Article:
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No woman should lose her rights when she loses her husband: UN Chief
On the occasion of International Widows' Day (IWD) being observed today, June 23, United Nations (UN) Secretary-General Ban Ki-moon in his message said, "No woman should lose her rights when she loses her husband - but an estimated 115 million widows live in poverty, and 81 million have suffered physical abuse.

Girls married to much older men are especially vulnerable. Let us use International Widows' Day to advocate for the rights of all widows so they can enjoy better lives and realize their great potential to contribute to our world."

Today, across the world, the UN-ratified IWD is being observed to address the issues of poverty and injustice faced by millions of widows and their dependents. Initially, IWD was established by a civil society organization, the Loomba Foundation, in 1954 and later recognized by the UN to highlight what it describes as an invisible calamity of becoming a widow.

It was in 2010, the UN General Assembly formally adopted 23 June as IWD with a resolution called upon a special attention to the situation of widows and their children.

According to a rough estimate done in 2010, there were around 245 million widows worldwide and half of them lived in poverty and suffer from social stigmatization and economic deprivation purely because they have lost their husbands.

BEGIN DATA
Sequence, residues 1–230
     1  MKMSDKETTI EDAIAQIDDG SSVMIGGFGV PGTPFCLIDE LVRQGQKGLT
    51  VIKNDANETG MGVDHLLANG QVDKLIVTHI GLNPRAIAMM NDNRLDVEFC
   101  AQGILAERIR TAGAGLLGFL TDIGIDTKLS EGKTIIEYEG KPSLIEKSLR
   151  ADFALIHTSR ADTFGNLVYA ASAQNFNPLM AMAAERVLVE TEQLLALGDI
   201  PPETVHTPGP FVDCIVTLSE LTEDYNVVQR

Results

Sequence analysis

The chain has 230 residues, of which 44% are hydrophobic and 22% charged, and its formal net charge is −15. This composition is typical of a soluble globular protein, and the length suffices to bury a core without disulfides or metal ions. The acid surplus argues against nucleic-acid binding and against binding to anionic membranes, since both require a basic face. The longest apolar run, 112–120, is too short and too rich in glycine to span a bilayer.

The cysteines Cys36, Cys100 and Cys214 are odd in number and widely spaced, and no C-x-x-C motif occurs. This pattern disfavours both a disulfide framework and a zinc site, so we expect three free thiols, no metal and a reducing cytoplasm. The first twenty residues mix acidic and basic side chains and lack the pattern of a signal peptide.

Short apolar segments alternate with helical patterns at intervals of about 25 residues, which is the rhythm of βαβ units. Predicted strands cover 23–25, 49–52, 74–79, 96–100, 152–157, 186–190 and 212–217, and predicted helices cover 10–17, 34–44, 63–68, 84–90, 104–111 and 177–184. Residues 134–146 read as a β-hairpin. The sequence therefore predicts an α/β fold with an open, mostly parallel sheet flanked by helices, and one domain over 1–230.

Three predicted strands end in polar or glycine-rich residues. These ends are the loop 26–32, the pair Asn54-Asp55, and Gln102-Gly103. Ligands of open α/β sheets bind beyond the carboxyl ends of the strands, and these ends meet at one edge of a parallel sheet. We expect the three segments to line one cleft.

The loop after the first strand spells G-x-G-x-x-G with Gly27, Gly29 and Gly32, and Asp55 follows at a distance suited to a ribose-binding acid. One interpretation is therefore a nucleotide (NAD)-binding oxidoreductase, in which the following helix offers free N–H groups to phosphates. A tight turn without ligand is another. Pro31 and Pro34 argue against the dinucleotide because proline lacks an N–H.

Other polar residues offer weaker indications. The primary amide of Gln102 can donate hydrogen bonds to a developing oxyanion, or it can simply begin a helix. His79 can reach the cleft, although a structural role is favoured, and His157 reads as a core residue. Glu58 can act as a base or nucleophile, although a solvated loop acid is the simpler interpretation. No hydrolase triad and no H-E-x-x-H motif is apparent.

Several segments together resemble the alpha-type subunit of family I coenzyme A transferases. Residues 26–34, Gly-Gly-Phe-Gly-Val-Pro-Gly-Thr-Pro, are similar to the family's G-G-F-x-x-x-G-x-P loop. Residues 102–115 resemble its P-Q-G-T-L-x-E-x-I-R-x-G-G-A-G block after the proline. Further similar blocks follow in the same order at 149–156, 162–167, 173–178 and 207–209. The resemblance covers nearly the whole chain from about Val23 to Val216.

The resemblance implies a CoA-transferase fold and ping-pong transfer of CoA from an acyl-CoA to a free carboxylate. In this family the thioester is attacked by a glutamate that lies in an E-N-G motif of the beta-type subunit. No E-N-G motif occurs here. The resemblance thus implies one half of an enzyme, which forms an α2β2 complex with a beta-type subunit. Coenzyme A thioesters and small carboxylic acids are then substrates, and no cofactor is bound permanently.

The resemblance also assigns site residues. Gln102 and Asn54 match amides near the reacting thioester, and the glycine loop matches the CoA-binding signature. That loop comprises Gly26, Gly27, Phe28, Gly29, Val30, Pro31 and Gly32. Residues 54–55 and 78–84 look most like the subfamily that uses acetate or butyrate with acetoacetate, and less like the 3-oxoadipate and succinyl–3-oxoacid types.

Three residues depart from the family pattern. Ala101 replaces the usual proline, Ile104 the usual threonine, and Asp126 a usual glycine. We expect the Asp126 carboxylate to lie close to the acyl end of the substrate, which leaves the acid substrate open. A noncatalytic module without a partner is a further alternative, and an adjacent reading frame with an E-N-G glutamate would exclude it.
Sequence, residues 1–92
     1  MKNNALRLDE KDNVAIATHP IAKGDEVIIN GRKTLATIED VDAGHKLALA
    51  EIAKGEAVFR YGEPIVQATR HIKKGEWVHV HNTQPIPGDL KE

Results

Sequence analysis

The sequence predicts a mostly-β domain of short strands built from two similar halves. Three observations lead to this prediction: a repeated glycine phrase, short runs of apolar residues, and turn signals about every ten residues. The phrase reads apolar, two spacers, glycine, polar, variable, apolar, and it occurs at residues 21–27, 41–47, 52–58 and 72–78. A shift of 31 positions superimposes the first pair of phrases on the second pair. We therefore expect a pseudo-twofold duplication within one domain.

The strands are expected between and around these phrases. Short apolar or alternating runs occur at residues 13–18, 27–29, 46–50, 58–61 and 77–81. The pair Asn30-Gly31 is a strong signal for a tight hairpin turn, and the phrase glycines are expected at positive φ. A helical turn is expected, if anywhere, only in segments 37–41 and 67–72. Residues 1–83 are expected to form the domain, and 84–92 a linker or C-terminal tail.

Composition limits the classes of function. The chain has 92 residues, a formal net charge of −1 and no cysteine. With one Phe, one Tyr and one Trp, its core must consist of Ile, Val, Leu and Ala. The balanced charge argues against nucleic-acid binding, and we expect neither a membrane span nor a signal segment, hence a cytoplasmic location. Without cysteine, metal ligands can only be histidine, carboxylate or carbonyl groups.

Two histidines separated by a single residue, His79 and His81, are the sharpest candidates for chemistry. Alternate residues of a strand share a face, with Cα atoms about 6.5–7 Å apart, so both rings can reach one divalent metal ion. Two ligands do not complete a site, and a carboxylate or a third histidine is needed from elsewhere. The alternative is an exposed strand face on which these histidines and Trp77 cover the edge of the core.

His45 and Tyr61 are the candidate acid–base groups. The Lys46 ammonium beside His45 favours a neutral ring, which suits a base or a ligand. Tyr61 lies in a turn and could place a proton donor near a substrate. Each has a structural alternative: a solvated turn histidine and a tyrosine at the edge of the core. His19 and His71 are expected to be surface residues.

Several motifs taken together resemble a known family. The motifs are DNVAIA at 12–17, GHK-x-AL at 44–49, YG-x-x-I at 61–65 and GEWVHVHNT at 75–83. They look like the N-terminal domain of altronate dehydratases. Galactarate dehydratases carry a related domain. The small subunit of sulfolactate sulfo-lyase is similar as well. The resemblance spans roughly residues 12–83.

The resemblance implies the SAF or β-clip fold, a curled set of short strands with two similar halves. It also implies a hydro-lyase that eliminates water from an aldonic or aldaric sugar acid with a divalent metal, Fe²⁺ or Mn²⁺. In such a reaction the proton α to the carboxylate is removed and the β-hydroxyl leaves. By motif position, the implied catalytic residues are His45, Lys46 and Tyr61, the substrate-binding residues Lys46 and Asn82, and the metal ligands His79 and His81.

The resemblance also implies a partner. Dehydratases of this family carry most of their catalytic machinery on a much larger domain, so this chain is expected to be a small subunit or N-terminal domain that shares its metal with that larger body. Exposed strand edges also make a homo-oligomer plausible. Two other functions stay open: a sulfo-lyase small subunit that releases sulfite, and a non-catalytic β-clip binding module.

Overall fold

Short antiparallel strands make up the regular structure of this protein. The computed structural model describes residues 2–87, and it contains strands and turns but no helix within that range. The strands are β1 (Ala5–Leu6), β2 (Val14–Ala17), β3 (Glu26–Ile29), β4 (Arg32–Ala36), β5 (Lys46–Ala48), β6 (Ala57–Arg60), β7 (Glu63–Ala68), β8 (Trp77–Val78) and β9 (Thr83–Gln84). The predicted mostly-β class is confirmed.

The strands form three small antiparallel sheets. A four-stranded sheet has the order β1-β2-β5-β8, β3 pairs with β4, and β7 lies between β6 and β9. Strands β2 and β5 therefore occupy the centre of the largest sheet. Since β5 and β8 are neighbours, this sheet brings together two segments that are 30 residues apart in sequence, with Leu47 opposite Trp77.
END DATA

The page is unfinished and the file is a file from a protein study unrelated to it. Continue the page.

The UN has reported that around 40 million widows live in India, 15,000 alone, on the streets of the Holy City of Vrindavan, who need to be looked after to live a life of dignity.

According to the UN, the world community must pay due attention to stop the abuse of widows and their children since they constitute one of the most serious violations of human rights and obstacles to development today.

There is a need to get sensitive to millions of the world?s widows who endure extreme poverty, ostracism, violence, homelessness, ill health and discrimination in law and custom, observes UN on its website.

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